Holden has refused to confirm the demise of the Commodore nameplate when local manufacturing ceases in 2017, leaving the possibility that the next-generation large car will continue as an imported model.
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Asked directly whether the company would kill off the Commodore nameplate, Holden product communications manager Kate Lonsdale reiterated multiple times that "we don't talk about future product."

When asked whether Lonsdale could address the fact that Holden Commodore loyalists may what to know about the future of the nameplate, the product communications manager again declined to respond.

"We've literally just made this announcement, we've got a lot of things to work through and we're not going to talk about what's happening in a few years' time."

By contrast, Ford Australia immediately confirmed it would retire the Falcon nameplate when its local manufacturing operations close in October 2016, though as Holden is doing with the Commodore, it left the door open to continuing the Territory badge.

Holden managing director Mike Devereux said in February 2013 that the local design and engineering department had begun work on the next-generation Commodore.

"General Motors has started working on it," he said.

"The team here is obviously involved in that as they have been in all sorts of things, and I will say no more of it.”

Lonsdale again refused to comment on the eventuation of that project and whether it would be stillborn, except to say that "the design centre is going to stay, it will be a global design centre based here in Port Melbourne, [but] engineering operations will be scaled down over the next three [years] towards 2017. The Lang Lang proving ground and engines operations ... will be closed down over the next few years".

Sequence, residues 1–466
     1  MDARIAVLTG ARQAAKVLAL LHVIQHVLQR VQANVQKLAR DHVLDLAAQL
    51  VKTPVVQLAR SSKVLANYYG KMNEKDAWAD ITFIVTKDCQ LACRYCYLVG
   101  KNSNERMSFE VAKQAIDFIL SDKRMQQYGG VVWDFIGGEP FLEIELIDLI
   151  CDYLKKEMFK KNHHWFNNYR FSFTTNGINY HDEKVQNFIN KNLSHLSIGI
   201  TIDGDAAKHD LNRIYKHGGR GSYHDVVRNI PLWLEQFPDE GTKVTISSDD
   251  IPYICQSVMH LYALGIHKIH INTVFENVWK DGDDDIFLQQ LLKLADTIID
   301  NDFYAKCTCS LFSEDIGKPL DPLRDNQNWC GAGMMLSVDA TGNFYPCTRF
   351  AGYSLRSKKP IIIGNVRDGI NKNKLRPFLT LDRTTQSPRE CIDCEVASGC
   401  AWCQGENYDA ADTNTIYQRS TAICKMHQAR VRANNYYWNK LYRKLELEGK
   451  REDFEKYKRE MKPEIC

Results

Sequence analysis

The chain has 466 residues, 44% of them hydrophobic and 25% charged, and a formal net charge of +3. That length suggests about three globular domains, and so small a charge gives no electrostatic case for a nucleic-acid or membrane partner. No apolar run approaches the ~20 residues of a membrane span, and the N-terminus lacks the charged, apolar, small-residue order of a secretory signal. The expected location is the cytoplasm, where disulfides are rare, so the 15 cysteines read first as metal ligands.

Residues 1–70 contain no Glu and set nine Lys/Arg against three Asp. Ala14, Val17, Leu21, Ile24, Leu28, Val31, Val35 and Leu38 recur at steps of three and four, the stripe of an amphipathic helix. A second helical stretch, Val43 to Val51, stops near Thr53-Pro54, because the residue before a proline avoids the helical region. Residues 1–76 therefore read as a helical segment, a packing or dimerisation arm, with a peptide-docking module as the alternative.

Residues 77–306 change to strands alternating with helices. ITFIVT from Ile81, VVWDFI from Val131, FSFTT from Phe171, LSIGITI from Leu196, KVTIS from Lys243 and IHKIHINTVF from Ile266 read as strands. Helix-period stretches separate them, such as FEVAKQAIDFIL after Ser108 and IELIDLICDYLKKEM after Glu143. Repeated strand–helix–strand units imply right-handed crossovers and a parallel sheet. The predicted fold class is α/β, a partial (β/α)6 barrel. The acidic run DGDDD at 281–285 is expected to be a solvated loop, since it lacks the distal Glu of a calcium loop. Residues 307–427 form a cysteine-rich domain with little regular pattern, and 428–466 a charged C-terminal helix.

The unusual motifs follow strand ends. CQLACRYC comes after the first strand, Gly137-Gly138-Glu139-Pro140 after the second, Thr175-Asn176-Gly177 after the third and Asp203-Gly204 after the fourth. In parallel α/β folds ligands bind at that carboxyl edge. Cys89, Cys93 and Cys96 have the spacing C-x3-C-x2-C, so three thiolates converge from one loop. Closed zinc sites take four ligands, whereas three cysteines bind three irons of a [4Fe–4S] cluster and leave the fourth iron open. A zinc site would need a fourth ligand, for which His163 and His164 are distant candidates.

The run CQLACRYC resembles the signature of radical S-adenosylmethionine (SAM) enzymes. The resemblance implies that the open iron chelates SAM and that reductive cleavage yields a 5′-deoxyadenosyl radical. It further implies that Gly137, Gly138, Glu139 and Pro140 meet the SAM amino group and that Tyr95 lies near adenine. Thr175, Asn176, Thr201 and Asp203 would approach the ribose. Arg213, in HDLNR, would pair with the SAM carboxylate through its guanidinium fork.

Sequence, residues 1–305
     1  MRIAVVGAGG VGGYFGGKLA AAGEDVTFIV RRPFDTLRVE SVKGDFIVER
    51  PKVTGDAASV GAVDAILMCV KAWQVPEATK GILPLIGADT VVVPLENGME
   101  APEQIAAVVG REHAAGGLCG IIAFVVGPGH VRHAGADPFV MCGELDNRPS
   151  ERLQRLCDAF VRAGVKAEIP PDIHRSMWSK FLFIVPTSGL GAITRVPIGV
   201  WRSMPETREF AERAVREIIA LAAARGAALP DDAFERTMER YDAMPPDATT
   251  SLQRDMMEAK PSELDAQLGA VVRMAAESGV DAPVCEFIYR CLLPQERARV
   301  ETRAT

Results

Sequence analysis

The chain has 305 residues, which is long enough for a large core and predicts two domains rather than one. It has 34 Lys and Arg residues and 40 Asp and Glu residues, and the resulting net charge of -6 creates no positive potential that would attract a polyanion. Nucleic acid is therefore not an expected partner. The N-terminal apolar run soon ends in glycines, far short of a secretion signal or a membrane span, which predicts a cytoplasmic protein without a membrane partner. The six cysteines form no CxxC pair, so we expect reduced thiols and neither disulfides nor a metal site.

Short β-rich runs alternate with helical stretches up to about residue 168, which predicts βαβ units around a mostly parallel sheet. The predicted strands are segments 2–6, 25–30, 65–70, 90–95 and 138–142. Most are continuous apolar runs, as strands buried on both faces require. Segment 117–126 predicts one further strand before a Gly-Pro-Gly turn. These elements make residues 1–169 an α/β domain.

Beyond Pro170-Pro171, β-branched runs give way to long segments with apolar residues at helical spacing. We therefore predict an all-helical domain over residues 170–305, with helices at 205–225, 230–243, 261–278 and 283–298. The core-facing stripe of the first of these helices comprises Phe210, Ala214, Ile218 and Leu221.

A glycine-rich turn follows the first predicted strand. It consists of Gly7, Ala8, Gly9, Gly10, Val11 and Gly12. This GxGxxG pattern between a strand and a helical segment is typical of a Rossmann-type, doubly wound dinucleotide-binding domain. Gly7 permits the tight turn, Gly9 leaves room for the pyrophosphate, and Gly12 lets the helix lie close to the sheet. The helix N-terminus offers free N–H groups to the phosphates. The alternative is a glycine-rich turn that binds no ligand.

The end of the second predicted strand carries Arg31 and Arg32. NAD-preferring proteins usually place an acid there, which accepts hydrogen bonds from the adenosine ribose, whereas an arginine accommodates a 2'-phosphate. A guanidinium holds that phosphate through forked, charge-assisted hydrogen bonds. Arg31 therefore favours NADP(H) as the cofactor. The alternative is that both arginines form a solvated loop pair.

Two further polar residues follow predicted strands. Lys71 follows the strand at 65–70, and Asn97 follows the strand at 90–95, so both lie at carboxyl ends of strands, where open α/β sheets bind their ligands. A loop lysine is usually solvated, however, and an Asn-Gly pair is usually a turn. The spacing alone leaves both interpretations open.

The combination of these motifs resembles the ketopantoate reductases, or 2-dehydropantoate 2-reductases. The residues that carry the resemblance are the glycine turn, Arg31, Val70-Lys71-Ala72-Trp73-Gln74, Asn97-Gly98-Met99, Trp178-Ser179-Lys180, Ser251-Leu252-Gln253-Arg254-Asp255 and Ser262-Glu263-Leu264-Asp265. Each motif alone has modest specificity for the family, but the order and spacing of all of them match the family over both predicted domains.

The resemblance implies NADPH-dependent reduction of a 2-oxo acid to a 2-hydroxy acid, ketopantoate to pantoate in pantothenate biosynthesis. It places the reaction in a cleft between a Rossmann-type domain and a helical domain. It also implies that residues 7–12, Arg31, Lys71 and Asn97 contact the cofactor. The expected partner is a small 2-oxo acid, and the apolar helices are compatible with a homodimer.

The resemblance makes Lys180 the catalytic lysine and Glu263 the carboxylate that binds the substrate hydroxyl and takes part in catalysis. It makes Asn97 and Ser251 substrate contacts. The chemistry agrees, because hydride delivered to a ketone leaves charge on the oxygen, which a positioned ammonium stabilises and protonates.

It is believed the next-generation Holden Commodore would be heavily based on a GM large front-wheel-drive platform. Killing the Commodore would today result in a 25 per cent loss in total Holden sales in this country, with the large car to November 2013 contributing to 25,218 of the brand's total 102,909 sales. Where the Commodore sold 3079 units in November, the company's new medium car hope and vehicle most likely to succeed the Commodore, the Malibu, garnered just 168 sales.

Devereux added in February that the company had "absolutely no debates about it [dropping the Commodore name] internally".

“The interesting thing about the Commodore name, and in fact the reason to lay that down today to end any speculation is that people love this nameplate..."

Whether that nameplate is linked with local production remains to be seen.